March Madness


It’s March Madness. And no, I’m not talking about basketball. If I was, I would just say that my bracket bled to death and leave it at that.

No, I’m talking about the madness that exists in our household this month of March. This month of March, which continues to march on endlessly. How can it only be Wednesday? It feels like it should be FRIDAY. Friday, APRIL 1. I can’t wait for April.

I always thought the month of January went slowly, and I’ve never had much of a problem with March. But this March — oh this March cannot be over soon enough.

And how can I even be complaining when Husband and I got to take the most GLORIOUS vacation to Punta Cana this March? To be honest, I can’t even believe that it was just a few weeks ago because it feels like several lifetimes ago.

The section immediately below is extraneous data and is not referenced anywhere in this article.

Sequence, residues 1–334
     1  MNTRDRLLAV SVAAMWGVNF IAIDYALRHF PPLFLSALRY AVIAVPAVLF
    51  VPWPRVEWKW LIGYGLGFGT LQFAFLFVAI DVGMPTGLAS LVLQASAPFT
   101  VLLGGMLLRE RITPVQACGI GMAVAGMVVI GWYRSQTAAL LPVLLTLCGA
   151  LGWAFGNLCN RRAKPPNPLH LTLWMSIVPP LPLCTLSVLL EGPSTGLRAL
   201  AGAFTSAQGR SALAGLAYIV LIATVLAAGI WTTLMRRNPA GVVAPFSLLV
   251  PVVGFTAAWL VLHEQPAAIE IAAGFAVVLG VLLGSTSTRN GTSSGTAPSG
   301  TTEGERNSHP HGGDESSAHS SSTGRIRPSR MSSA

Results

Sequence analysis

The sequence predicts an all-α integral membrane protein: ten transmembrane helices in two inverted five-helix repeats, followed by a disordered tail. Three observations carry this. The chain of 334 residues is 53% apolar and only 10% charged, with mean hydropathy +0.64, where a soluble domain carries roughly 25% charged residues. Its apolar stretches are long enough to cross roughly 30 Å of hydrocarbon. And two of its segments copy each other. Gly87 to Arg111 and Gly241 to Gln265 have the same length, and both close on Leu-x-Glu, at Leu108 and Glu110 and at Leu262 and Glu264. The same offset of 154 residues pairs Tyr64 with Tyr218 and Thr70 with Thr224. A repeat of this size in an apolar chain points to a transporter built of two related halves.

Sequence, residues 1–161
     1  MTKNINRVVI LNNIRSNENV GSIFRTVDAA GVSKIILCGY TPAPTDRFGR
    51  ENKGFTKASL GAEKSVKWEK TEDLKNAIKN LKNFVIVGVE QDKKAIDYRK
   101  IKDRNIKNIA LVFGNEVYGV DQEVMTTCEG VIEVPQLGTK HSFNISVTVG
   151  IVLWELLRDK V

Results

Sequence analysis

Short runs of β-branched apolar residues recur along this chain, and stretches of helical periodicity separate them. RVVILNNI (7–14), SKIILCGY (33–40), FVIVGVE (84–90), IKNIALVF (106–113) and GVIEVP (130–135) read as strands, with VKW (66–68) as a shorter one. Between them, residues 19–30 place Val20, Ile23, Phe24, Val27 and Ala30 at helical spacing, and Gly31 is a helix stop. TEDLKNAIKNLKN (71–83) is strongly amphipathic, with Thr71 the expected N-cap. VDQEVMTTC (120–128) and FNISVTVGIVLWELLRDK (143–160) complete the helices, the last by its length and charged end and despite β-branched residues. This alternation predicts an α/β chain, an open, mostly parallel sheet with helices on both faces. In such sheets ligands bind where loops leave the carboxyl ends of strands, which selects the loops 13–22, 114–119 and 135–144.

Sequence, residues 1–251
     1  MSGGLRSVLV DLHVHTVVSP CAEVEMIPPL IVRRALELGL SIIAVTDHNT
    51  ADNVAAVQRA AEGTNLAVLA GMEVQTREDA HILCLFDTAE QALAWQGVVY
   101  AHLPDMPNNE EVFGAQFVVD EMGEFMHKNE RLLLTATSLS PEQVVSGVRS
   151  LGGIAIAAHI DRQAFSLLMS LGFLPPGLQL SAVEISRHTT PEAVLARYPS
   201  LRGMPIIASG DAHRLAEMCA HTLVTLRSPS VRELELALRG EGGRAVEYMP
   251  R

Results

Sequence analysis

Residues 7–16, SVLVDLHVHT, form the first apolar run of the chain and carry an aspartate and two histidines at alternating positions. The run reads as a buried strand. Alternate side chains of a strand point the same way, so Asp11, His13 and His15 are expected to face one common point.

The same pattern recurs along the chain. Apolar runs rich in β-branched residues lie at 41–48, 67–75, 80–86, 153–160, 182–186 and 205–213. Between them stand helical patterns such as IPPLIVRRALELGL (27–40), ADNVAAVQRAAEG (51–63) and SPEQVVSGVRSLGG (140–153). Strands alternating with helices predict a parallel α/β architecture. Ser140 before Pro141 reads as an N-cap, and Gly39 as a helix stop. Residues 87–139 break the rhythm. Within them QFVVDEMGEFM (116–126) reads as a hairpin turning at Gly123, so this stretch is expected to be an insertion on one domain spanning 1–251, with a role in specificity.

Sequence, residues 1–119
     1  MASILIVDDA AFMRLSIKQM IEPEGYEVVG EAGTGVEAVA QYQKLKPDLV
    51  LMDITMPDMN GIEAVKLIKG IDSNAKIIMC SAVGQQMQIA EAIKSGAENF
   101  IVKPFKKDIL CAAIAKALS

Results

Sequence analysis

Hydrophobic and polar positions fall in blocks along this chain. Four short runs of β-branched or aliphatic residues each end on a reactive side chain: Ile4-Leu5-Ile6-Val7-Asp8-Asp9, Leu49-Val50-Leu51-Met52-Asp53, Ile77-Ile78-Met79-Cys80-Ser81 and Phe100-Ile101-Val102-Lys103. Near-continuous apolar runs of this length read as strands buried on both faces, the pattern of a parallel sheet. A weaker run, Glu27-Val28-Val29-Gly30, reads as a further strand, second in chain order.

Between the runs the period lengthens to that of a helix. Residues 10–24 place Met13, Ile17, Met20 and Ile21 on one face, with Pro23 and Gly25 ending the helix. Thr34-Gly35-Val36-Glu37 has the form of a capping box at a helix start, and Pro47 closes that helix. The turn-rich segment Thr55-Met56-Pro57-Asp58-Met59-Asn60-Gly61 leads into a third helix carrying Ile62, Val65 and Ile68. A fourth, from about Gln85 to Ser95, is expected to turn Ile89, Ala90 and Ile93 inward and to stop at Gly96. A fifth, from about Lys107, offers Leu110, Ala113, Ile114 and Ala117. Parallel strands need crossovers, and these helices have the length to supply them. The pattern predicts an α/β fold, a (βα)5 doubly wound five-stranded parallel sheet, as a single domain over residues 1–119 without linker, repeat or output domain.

Oh vacation. We really did have a glorious time. We did nothing. No, really. We — did — nothing. It was so wonderful. Whole days filled up with nothing. Many days in a row filled up with nothing. There was no schedule, no time limit, no agenda, no diaper bag.

Glorious nothingness at the pool.

There were only sun-drenched days that stretched out before us, offering the promise of nothing more than lounge chairs, the pool, the beach, food and drinks. It’s called free time. Sans kids. We sat and read, we sat and napped, we swam, we drank and we ate.

Glorious nothingness on the beach.

"Toes in the water, a$$ in the sand ..."

After two or so days of this, we almost got to thinking, “Vacation? What did we need a vacation for? Things weren’t really that busy or stressful at home.”

But we knew this was foolhardy thinking. In a moment of clarity (thanks screaming four-month-old at the pool who desperately needed a nap, but whose parents continued to feed you into submission) we recognized that we were merely suffering from vacation amnesia. And we pressed on with our glorious nothingness.